If you’re looking for a winter wonderland set deep in the heart of the Lone Star State, look no further than Grapevine. Centrally located between Dallas and Fort Worth, this historic town with a population of about 46,000 might never have been the official capital of Texas, but it nevertheless takes its role as the state’s Christmas capital seriously—so seriously, in fact, that the town trademarked its designation as the Christmas Capital of Texas.

Building with christmas lights
Grapevine, Texas

Photo Courtesy of The Grapevine Convention and Visitors Bureau

And, if Grapevine is any indication, it must be true that “everything’s bigger” in Texas. In the state’s Christmas Capital, you’ll find 1,400 holiday events jam-packed into 40 days of celebration. Yes, that’s right: 1,400—someone took the time to count them!

You can start crossing off your Christmas bucket list at Great Wolf Lodge’s Snowland from late November through New Year’s Day, when the resort’s lobby is transformed into a winter wonderland featuring twinkling lights, decorated trees and artificial snow showers just beneath the hotel’s second-floor water park, which is kept at a balmy 84 degrees Fahrenheit year round. After a dip (or a slide) in the water, guests can retire to one of the lodge’s Snowland Suites—decorated to the nines with Christmas trees, lights and garland—where turndown service includes a pre-bedtime Santa-worthy Christmas snack of milk and cookies.

Great Wolf is also famous for the North Pole Express train excursions it operates in conjunction with Grapevine Vintage Railroad from November 24 to December 23. After boarding the seasonally decorated train at Grapevine’s Historic Cotton Belt Depot, passengers are entertained on a 40-minute ride along the Cotton Belt track with Christmas songs and stories before reaching their destination: a fantasyland North Pole set in a snow-covered forest scene, where the man-dressed-in-red magically appears to welcome visitors to his Christmas spectacular.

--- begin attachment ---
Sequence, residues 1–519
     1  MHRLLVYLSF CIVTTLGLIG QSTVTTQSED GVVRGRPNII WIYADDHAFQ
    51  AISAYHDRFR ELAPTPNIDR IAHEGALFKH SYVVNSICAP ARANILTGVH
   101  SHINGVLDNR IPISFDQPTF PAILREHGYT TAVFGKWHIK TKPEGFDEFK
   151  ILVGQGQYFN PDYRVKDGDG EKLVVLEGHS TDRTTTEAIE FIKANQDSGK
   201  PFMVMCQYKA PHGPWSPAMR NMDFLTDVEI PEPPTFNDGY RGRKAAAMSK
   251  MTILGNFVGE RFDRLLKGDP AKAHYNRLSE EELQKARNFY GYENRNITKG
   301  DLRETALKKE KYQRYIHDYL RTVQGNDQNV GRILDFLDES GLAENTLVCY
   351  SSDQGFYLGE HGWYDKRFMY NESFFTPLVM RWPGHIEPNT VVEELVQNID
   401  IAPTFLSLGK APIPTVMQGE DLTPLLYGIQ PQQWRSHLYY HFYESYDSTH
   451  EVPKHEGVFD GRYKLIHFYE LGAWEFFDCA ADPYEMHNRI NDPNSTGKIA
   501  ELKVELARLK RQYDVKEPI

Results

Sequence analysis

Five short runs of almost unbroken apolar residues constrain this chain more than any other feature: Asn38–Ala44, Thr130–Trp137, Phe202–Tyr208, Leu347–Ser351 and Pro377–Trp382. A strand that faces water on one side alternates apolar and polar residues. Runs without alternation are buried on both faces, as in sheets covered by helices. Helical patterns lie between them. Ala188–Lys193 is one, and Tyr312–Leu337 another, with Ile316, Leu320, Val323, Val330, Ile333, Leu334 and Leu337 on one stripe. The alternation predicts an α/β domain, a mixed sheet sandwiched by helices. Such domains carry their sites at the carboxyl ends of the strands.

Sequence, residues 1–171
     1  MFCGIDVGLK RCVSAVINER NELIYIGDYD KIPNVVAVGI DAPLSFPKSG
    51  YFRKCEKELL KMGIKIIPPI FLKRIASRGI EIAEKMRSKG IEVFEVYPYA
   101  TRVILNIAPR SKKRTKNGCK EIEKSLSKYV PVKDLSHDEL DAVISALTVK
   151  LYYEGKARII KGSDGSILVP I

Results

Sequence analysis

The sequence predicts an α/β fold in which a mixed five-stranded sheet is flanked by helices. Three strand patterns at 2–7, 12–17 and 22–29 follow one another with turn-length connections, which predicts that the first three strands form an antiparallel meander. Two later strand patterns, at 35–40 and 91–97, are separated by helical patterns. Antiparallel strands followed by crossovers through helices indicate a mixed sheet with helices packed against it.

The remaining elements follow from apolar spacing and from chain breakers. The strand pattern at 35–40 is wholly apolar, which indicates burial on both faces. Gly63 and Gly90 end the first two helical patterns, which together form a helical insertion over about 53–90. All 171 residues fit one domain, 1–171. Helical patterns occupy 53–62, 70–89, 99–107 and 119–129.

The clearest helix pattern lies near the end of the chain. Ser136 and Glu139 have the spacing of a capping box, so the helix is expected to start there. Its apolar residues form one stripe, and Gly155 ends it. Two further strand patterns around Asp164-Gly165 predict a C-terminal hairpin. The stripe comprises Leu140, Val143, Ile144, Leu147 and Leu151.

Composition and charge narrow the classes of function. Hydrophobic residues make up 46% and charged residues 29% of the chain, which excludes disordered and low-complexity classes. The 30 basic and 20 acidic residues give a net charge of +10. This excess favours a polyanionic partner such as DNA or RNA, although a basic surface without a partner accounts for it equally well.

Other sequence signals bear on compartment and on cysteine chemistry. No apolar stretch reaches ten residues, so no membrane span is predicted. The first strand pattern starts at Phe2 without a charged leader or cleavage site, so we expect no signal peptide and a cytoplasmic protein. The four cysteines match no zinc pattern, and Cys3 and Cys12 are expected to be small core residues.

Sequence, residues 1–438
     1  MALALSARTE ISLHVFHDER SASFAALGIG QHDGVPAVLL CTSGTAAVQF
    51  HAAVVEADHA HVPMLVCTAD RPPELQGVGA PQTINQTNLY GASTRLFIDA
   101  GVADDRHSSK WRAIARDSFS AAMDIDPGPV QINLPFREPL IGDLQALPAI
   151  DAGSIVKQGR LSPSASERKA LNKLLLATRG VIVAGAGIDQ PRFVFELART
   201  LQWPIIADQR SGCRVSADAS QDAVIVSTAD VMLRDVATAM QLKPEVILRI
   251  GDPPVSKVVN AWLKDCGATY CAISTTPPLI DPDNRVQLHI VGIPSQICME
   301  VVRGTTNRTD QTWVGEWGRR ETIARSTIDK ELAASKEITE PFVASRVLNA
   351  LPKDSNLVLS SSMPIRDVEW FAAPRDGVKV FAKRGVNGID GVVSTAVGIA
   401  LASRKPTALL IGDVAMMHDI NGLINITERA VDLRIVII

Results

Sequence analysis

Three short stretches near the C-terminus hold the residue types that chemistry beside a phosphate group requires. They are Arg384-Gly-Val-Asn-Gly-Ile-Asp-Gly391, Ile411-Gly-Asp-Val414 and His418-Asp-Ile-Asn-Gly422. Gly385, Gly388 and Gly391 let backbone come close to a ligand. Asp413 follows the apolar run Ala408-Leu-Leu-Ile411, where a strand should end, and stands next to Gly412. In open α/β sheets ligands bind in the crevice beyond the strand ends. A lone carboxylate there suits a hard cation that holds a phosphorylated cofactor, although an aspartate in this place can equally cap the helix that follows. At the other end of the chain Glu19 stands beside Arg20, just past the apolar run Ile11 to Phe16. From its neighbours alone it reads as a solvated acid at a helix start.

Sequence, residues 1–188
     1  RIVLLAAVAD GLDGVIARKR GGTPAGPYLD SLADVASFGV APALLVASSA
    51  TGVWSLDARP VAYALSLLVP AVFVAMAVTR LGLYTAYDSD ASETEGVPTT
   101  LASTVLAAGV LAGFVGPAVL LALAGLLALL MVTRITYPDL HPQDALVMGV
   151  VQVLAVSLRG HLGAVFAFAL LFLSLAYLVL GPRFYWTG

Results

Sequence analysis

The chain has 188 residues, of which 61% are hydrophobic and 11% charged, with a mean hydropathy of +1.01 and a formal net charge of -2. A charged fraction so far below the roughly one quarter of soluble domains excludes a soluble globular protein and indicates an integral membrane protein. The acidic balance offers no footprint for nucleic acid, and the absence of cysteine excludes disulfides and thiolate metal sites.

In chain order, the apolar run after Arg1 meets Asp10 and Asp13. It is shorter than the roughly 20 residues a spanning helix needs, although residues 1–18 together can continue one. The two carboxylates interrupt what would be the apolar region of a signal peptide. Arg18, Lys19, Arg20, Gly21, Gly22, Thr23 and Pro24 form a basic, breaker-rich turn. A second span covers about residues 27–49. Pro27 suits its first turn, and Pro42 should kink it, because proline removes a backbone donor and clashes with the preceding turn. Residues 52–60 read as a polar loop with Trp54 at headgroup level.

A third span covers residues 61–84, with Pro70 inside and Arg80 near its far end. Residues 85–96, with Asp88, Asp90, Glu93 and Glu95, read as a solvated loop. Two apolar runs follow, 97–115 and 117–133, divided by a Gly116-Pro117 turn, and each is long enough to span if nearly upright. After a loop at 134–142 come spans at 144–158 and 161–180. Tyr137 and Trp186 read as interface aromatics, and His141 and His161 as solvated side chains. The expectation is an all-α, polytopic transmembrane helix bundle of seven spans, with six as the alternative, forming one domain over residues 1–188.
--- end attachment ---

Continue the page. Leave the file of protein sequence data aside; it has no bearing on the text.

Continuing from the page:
Man picking little girl up and looking at lights
Great Wold Lodge, Grapevine
Photo Courtesy of Great Wolf Lodge

Santa sightings abound in Grapevine, but at the Gaylord Texan Resort & Convention Center, it’s ice—in all capitals—that reigns supreme. During the holidays, the resort boasts more than two million pounds’ worth of hand-carved ice sculptures and five ice slides for its signature holiday festival: ICE!, presented November 10, 2017, through January 1, 2018. Snow tubing, lighting displays and a 52-foot-tall rotating Christmas tree provide backdrops for this over-the-top extravaganza featuring a festive crew of characters, including singing cowboys, stilt walkers and, of course, Mrs. Claus and Santa. (Advance tickets, ranging in price from $16.99 to $39.99, are available from the resort’s website.)

Craving something with a little more holiday punch? No worries. Once you’ve tucked the children off to the land of sugarplums, you and yours might find one of Grapevine’s Christmas Wine Train and dinner-for-two excursions, running between November 30 and December 14, just the holiday escape clause you’ve been looking forward to checking off your wish list all year long. At $45 per person, the two-hour Cotton Belt train ride features a multicourse dinner accompanied by two glasses of wine produced by local vintners.

Other holiday attractions include concerts such as The Gentlemen Trio’s Finding Christmas and Forever Young’s new A Forever Young Christmas show; holiday-themed movies screened at Grapevine’s Historic Palace Theatre; and extravagant lighting displays throughout Grapevine’s Main Street shopping district. Of course, all that barely scratches the surface. With 1,400 holiday events already counted, Grapevine does more than live up to its Christmas Capital title.

For more information on the Christmas Capital of Texas, visit


This article originally appeared in the November/December 2017 issue of AAA World.



Other Articles

Land of the Free

Looking for a weekend or longer trip that won't break the bank? The nation's capital overflows with free and low-cost attractions and entertainment.

The Looking Glass

The history and artistry of glass take on fascinating forms at South Jersey's WheatonArts and Cultural Center.

Full Steam Ahead

Spotting train gardens in the Mid-Atlantic.

Click Here!